This was attributed to the handedness of each participant, and who initiated the kiss (usually men in heterosexual couples.) However, it seems like the tension between handedness and emotional observation is relevant here, because tilting your head to the right means that you’re giving your left eye the best view of your partner’s face. It seems fair to say that reading the emotional state of the person you’re about to kiss would be important, giving people all the more reason to lean right as they smooch. Unfortunately, this study didn’t specifically mention how often folks were kissing with their eyes open or closed.

Source: Mammals prefer to cradle babies on the left, study demonstrates by Nicola Davis, The Guardian

On December 18th, 2017 we learned about

Liquefied brains let researchers count and compare the number of neurons in mammals’ cerebral cortices

It’s hard to put a measure on intelligence. Humans compare ourselves with things like IQ tests, but they’re known to be an imperfect metric at best. Comparisons between species gets even harder, since what’s clever for one animal may be useless for another. Nonetheless, scientists have been looking for ways to understand and compare brain functionality for years, considering brain sizes, body sizes and more. Researchers from the University of Wyoming have taken a new approach to this question, putting a number on the number of neurons, or brain cells, an animal has in its head. Since connections between neurons are critical to cognition and perception, this may be a fair reference point for assessing what an animal’s brain can handle.

Between a brain’s complexity and the size of individual cells, counting every neuron wasn’t really possible. Every fold and crevice in a brain increases its effective surface area, making more room to pack in more cells. To simplify the counting procedure, researchers essentially eliminated that barrier, liquefying brains before counting the neurons. They seeded the brain slurry with a marker molecule that attached only to neurons, then counted those markers to get a tally. There was also a comparison between the total number of brain cells, and the number of cells in the animal’s cerebral cortex, which is the outer layer of tissue that handles most complex thinking and problem solving.

How mammal brains measure up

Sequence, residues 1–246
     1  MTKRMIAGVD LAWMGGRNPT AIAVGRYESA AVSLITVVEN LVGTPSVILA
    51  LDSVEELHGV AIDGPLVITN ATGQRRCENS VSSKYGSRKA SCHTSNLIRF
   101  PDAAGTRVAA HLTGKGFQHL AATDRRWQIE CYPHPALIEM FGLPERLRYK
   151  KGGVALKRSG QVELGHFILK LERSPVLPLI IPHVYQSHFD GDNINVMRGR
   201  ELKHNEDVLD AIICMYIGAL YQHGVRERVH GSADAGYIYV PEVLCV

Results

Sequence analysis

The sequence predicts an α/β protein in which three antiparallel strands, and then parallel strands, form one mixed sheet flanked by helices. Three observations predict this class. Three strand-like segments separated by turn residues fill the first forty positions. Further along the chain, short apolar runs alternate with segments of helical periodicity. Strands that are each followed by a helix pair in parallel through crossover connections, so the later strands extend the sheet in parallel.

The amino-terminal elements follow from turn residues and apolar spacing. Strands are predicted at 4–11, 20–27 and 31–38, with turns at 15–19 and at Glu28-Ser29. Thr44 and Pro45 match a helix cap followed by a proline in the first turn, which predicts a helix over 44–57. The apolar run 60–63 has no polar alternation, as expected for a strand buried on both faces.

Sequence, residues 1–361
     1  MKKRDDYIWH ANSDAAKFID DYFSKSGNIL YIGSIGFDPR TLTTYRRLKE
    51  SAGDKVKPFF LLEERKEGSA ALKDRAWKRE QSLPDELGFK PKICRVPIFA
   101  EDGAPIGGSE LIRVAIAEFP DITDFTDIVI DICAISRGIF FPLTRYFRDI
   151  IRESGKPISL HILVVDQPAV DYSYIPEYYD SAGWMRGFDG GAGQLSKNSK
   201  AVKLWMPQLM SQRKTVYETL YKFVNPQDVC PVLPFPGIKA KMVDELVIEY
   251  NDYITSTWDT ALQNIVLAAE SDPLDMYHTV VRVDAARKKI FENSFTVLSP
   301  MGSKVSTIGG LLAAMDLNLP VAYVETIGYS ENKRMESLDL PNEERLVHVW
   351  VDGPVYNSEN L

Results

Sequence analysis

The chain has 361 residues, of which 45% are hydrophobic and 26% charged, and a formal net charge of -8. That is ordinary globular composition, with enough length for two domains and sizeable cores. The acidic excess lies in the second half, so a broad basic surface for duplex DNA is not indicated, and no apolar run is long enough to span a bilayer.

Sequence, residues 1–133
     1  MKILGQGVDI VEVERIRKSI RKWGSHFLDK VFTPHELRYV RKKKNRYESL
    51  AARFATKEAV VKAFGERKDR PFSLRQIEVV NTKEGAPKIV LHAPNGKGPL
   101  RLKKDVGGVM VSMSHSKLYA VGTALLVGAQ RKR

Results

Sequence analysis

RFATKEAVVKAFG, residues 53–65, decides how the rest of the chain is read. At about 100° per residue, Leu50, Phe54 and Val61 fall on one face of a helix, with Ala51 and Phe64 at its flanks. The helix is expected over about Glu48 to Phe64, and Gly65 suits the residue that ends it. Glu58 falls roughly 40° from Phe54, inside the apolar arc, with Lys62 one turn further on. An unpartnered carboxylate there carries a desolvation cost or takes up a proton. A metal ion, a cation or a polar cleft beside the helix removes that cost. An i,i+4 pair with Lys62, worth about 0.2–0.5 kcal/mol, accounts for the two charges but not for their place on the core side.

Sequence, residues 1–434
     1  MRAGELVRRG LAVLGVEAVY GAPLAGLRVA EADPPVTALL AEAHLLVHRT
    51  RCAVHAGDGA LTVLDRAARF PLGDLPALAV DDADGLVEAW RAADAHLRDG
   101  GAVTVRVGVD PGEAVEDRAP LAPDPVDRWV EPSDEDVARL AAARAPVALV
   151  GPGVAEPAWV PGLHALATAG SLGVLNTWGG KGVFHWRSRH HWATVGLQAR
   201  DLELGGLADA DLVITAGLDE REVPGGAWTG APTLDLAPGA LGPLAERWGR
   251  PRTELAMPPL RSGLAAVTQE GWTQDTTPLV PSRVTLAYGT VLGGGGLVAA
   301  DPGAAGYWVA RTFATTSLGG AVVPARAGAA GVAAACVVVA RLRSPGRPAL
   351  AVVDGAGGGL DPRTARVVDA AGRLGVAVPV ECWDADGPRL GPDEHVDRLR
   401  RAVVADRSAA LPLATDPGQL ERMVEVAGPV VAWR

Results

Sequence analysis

To keep the scope of the study manageable, researchers only looked at mammal brains. They did compare the brain cell counts between predator and prey species though, as they expected predators to have more neurons thanks to the cognitive demands of capturing their meals, rather than simply grazing or browsing. This prediction didn’t really hold true, as species had surprising variations in brain cell density, raising a number of questions about what those extra neurons do for each species.

For the most part, bigger brains had more neurons, but not always. A greater kudu (Tragelaphus strepsiceros), for instance, has around 307 grams of gray matter, and nearly 5 billion brain cells. A ferret, on the other hand, has only 5.4 grams of brain tissue, containing 404 million cells. Aside from the predator/prey relationship, this all seems fairly intuitive. The weirder findings concerned bears, dogs and raccoons. Brown bears (Ursus arctos) have hefty brains, with over nine billion cells overall, but their cerebral cortex had a paltry 251 million neurons. That’s fewer neurons than the cortices of raccoons, hyenas, lions and amazingly, golden retriever dogs. Playing fetch may be more complex than we appreciate, as golden retrievers somehow had over twice the connections of a bear. Fortunately, the two biggest outliers in this study matched expectations, as elephants humans and both eclipsed the other creatures measured, with over trillion and 16 trillion neurons in their cerebral cortices respectively.

Bigger, better, or just specialized?

So is your dog likely to outsmart a lion? Not necessarily. Researchers stress that these numbers don’t represent IQ points for each species. The raccoon’s high neuronal density may be due to its sensitive tactile abilities, which allow it to feel and manipulate it’s environment with its hands. Brown bear brains might be explained by a need for efficiency, since the bears hibernate for six months each year, and save energy by not feeding as many calorie-hungry neurons year-round. At the very least, this technique will let future studies have a new metric to compare against, seemingly providing a more detailed measurement than brain weight and volume alone.


On December 12th, 2017 we learned about

Even as an adult, language is easier to listen to in your right ear

The next time you have a bad connection for a phone call, make sure to listen to the call with your right ear. Your phone won’t know the difference, but the sound of the caller’s voice will be easier to understand because of the way our ears are connected to our brains. Most language processing takes place in our brain’s left hemisphere, and that side of the brain is more directly connected to your right ear (along with everything else on the right side of your body). While both ears can theoretically capture sounds equally well, your brain will do a better job of parsing speech if you give it this small assist, especially when there are other competing sounds.

You probably don’t notice this right-ear bias too often in your daily life, because most adults can basically compensate for it. Children’s brains, on the other hand, are still learning the complicated task of sorting and filtering all the different sounds that may or may not be relevant to speech, and so the right-ear bias is more pronounced. By age 13, most kids seem to have this auditory puzzle sorted out, but researchers wanted to confirm that it’s truly eliminated in adult hearing.